NFL Criticized For Lack Of Consistency In Suspensions For Illegal Hits, On-Field Misconduct
The one-game suspension handed out to Steelers WR JuJu Smith-Schuster brings to a total of 9 bans "given for on-field misconduct" this season, up from zero last year and three in '15, according to Jacob Feldman of SI.com. The "troublesome trend" comes amid an "emphasis on eliminating 'egregious hits'" this season. There also is a preference to "suspend players after the game rather than eject them during the game to allow time for careful consideration." However, the NFL is "wading into troubled waters, because now, rather than discussing how to make the game safer, fans are crying foul." Feldman wonders if either of the fouls committed by Smith-Schuster or Bengals S George Iloka, who had his own one-game suspension for a helmet-to-helmet hit overturned today, were "truly as egregious" as Patriots TE Rob Gronkowski hitting Bills CB Tre'Davious White on Sunday long after the play was over. Gronkowski also received a one-game suspension for his actions (SI.com, 12/6). In San Diego, Tom Krasovic writes the Smith-Schuster suspension made it "even more obvious" that Gronkowski "got off light." Gronkowski's hit "wasn’t a football play." It was a football player "delivering a violent blow to a defenseless person" (SAN DIEGO UNION-TRIBUNE, 12/6). ESPN’s Clinton Yates said Smith-Schuster is different than Gronkowski hitting a player who was "literally defenseless." Yates said the NFL gets "outside the context of football and you’re penalizing guys the same way for what they do within the natural confines of the game, that’s when you have a huge problem." Yates: "That’s the big inconsistency that makes people wince more than anything when you see this” ("Around The Horn," ESPN, 12/5).
TRACK RECORD SHOULDN'T MATTER: Showtime’s Boomer Esiason said he was fine with Gronkowski getting a one-game suspension "because there’s no history.” But Showtime's James Brown said, “If they’re talking about a culture change in the league and getting rid of the Neanderthal players -- and I like Gronk, who doesn’t? -- but that was as clear an indication of a violation. The punishment should be fair and equitable across the board, period. There’s no excuse for that” (“Inside the NFL,” Showtime, 12/5). WFAN-AM’s Maggie Gray said, "I don't think the league wants these star players suspended for longer, and if you don't have a track record they're going to give you benefit of the doubt. I would like to see what happens if Gronk ever pulled this again” (“We Need to Talk,” CBSSN, 12/15). NBCSN's Mike Florio said, "If it’s one game for Smith-Schuster, it should be two games or three games for Rob Gronkowski. What Smith-Schuster did was in the confines of an actual football play. It wasn't an attack on the opponent after the play ended” ("PFT," NBCSN, 12/6). CBS Sports Network's Adam Schein said Gronkowski’s hit "was not about football." Schein: "That was about Gronk being a jerk. There's no place for that in the NFL. Gronk doesn't have that in his past, but it doesn't even matter. That was egregious, that was scary. He deserved the suspension” (“Time To Schein,” CBSSN, 12/5). Meanwhile, BLEACHER REPORT's Mike Freeman writes Gronkowski's hit "should forever end all the 'just Gronk being Gronk' chatter." Gronkowski in the past "has been given a pass for his antics, but he crossed a line this time, endangering another player's health." That should "make everyone see Gronk through a different lens" (BLEACHERREPORT.com, 12/6).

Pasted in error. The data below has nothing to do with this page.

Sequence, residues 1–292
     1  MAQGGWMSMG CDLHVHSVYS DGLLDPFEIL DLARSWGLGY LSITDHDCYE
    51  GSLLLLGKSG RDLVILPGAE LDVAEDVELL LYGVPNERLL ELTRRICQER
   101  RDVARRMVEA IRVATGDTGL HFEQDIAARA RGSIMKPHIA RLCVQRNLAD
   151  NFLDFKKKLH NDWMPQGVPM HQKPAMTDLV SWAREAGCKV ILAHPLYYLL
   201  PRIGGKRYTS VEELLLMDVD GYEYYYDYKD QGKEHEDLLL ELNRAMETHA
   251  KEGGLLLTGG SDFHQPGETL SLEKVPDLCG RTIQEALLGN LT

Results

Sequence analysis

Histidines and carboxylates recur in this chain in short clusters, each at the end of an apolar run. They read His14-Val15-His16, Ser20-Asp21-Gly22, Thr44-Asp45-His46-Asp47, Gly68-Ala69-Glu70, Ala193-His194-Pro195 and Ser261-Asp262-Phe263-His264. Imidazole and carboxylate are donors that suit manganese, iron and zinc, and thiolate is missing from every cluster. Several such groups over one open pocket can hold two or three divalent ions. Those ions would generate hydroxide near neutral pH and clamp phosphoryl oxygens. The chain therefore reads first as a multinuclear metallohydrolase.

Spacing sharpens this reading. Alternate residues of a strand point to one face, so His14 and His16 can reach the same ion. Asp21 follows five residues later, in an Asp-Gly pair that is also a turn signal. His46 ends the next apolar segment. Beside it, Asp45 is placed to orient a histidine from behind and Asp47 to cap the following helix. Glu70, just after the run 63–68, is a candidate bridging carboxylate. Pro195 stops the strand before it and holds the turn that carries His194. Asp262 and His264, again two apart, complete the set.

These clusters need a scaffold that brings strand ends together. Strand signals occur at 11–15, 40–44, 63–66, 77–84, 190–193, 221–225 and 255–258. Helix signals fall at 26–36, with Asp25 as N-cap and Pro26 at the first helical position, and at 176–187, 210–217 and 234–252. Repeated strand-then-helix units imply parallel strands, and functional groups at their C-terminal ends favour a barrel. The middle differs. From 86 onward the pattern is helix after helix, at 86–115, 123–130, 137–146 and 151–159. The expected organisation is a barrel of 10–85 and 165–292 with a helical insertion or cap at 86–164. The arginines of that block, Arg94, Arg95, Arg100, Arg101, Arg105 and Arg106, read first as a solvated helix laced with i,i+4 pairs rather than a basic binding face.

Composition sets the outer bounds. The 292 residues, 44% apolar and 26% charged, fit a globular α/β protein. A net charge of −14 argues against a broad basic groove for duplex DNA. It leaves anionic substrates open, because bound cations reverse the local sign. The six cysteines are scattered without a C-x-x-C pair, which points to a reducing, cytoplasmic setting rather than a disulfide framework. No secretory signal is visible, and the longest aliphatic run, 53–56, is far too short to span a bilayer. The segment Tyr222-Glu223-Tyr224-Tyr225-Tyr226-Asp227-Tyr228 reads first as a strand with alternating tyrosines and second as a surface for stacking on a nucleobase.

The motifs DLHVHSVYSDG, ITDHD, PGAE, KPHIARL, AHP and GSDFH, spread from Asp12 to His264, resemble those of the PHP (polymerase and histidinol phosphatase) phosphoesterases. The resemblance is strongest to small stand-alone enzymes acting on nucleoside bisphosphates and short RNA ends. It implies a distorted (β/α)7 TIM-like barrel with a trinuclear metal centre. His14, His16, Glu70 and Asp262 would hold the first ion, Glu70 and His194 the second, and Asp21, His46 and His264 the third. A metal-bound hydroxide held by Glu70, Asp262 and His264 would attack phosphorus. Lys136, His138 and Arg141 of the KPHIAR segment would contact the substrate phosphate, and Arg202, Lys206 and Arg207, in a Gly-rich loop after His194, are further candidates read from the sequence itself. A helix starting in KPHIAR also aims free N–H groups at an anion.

MAKING A STATEMENT: ESPN's Michelle Beadle said, “If we are worried about people getting hurt, why do we act like a one-game suspension is the end of the world? If a one-game suspension even changes one dude from doing this again or preventing a dude from being stretchered off the field, is that such a big deal? ... Don't tell me with one face that you give one damn about these players, and then whine about, ‘My favorite player might sit out a game,’ because you are full of crap if that’s what you’re doing and you’re a hypocrite as much as anyone else" (“SportsNation,” ESPN, 12/5).